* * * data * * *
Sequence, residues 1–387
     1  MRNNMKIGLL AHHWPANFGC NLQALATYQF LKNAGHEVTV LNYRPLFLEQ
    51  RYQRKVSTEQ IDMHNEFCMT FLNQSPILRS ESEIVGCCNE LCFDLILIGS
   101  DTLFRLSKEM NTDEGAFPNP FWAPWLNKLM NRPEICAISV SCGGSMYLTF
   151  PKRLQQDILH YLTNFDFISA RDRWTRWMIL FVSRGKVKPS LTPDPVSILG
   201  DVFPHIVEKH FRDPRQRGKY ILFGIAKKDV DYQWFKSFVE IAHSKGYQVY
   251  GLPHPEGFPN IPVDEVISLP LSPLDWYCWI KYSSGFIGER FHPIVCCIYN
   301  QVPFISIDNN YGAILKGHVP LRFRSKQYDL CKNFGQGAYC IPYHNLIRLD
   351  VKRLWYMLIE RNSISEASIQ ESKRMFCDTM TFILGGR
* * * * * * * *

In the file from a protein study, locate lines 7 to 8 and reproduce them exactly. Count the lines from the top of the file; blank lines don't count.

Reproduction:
   251  GLPHPEGFPN IPVDEVISLP LSPLDWYCWI KYSSGFIGER FHPIVCCIYN
   301  QVPFISIDNN YGAILKGHVP LRFRSKQYDL CKNFGQGAYC IPYHNLIRLD